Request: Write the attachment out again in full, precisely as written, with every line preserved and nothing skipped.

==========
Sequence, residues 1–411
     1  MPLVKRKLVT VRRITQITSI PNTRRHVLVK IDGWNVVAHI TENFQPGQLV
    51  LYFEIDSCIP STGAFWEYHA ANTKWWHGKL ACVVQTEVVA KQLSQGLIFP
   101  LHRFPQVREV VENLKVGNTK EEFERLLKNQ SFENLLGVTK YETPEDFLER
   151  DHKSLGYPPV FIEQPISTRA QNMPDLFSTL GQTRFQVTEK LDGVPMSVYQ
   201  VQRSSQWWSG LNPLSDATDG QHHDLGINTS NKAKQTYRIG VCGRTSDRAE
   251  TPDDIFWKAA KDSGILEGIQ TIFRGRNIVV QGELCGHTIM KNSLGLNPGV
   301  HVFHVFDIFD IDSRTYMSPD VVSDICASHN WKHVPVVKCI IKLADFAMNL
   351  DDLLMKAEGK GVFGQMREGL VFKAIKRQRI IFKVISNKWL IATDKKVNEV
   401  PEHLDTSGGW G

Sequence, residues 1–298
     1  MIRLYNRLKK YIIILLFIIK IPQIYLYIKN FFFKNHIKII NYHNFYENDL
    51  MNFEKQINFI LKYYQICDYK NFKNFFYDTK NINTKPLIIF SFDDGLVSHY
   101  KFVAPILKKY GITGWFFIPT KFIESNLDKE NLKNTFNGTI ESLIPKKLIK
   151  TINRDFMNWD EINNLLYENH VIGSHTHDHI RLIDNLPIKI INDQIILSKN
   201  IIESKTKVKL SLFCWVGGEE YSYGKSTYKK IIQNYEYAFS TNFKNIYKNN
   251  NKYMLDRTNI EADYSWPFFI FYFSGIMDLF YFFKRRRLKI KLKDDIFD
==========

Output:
Sequence, residues 1–411
     1  MPLVKRKLVT VRRITQITSI PNTRRHVLVK IDGWNVVAHI TENFQPGQLV
    51  LYFEIDSCIP STGAFWEYHA ANTKWWHGKL ACVVQTEVVA KQLSQGLIFP
   101  LHRFPQVREV VENLKVGNTK EEFERLLKNQ SFENLLGVTK YETPEDFLER
   151  DHKSLGYPPV FIEQPISTRA QNMPDLFSTL GQTRFQVTEK LDGVPMSVYQ
   201  VQRSSQWWSG LNPLSDATDG QHHDLGINTS NKAKQTYRIG VCGRTSDRAE
   251  TPDDIFWKAA KDSGILEGIQ TIFRGRNIVV QGELCGHTIM KNSLGLNPGV
   301  HVFHVFDIFD IDSRTYMSPD VVSDICASHN WKHVPVVKCI IKLADFAMNL
   351  DDLLMKAEGK GVFGQMREGL VFKAIKRQRI IFKVISNKWL IATDKKVNEV
   401  PEHLDTSGGW G

Sequence, residues 1–298
     1  MIRLYNRLKK YIIILLFIIK IPQIYLYIKN FFFKNHIKII NYHNFYENDL
    51  MNFEKQINFI LKYYQICDYK NFKNFFYDTK NINTKPLIIF SFDDGLVSHY
   101  KFVAPILKKY GITGWFFIPT KFIESNLDKE NLKNTFNGTI ESLIPKKLIK
   151  TINRDFMNWD EINNLLYENH VIGSHTHDHI RLIDNLPIKI INDQIILSKN
   201  IIESKTKVKL SLFCWVGGEE YSYGKSTYKK IIQNYEYAFS TNFKNIYKNN
   251  NKYMLDRTNI EADYSWPFFI FYFSGIMDLF YFFKRRRLKI KLKDDIFD